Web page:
In a previous post we talked about terpenes in protabs and how they work with cannabinoids to enhance the strain’s/cultivar’s effects. Many are unfamiliar with terpenes, although they are all around us. There are more than 30,000 terpenes found in plants all over the world. In cannabis, there are over 200 terpenes. Rather than discuss terpenes as a whole, we’ll take a look at individual terpenes so that our community can understand which cultivars are right for them. The terpene we’ll focus on today is beta-caryophyllene (BCP).
A Look into Beta-Caryophyllene
BCP’s medical benefits have been know for some time now. A 2008 study found a positive correlation between BCP and therapeutic treatments. Many spices and ingredients such as basil, oregano, lavender, rosemary, cinnamon, black pepper, and cloves contain the essential oil. This led the Food and Drug Administration (FDA) to approve BCP as a food additive because of its ability to activate the endocannabinoid system (ECS).
The Endocannabinoid System at a Glance
The ECS is found throughout our body. There are two cannabinoid receptors appropriately named cannabinoid receptor 1 (CB1) and cannabinoid receptor 2 (CB2). BCP binds to the CB2, which are located on white blood cells. CB2 differs than that of CB1 as no psychoactive effects are produced. Beta-caryophyllene can help regulate the immune and nervous system by providing aid/relief from pain, inflammation, digestion, depression, anxiety, insomnia, cancer development, weight loss, and many more.
Strains High in BCP
Many well know strains contain high levels of BCP such as Bubba Kush, Girl Scout Cookies, OG Kush, Pineapple Express, Super Sour Diesel, Trainwreck, Candyland, Cookies and Cream, Gorilla Glue #4, Super Silver Haze, Wedding Cake, and so much more. At the moment, our high BCP strains include Mimosa, Orange Cream Cake. We used to carry Pre-98 Bubba Kush. Many from the Bento Family purchased that strain because the effects were exactly what they were looking far. As time goes on, our menu changes so be sure to keep a look out for any of these strains and many others high in beta-caryophyllene!
We hope this discussion was informative. If you learned something new, let us know! Are there any cultivars you want us to carry, any terpenes you want us to cover, questions you have, suggestions for topics or improvement for Bento in general let us know by emailing us at email@example.com or by commenting below. We’d love to hear your thoughts and further the conversation.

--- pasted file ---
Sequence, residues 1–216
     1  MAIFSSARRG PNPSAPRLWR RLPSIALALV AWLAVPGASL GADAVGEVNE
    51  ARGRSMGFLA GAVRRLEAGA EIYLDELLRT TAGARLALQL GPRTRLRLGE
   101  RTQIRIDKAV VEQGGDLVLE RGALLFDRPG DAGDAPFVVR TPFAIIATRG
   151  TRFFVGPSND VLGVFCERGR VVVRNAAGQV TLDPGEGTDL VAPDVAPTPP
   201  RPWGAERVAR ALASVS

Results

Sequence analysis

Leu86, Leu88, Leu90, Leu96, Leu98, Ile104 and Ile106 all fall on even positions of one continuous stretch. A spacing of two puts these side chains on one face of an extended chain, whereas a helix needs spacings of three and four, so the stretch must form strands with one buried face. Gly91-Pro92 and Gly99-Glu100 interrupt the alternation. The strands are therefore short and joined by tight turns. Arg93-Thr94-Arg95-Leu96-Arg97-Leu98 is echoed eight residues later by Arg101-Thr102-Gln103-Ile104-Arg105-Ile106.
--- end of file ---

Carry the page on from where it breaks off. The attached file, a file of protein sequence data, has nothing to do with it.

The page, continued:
With more and more people trying cannabis each day, we thought it’d be a great idea to discuss the differences between being recreational vs a medical patient in California.
A Look into California Cannabis Law
To start, we’ll briefly mention the laws that allowed each in California. Proposition 215, the Compassionate Use Act of 1996, allowed physicians to recommend cannabis for severely ill Californians to provide relief and treatment. Fast forward to 2016, Proposition 64, the Adult Use of Marijuana Act, passed which allowed the sale and consumption of recreational cannabis for adults 21 and older.
It wasn’t until January 1, 2018 when recreational use was legalized. That’s when the Medicinal and Adult Use Cannabis Regulation and Safety Act (MAUCRSA) went into law. The MAUCRSA established the regulatory and commercial framework for California’s medical and adult-use cannabis market.
What Does This Mean For You?
Besides the heavy taxes, the law outlines what recreational users and medical patients can buy and possess. Medical patients can be 18 and older. They can buy and possess up to 8 ounces of dried cannabis or concentrates. Recreational users are 21 years or older and are limited to 1 ounce of dried flower and eight grams of concentrates. Although, there’s no limit on the amount of CBD products anyone can buy.
Understanding the legal, California cannabis rules can help in making purchasing decisions as well as deciding whether to seek a doctor’s recommendation for medical use. We hope you learned something new and if there’s something unclear or you want to know more about please feel free to email us at firstname.lastname@example.org or by commenting below. We enjoy hearing your thoughts!
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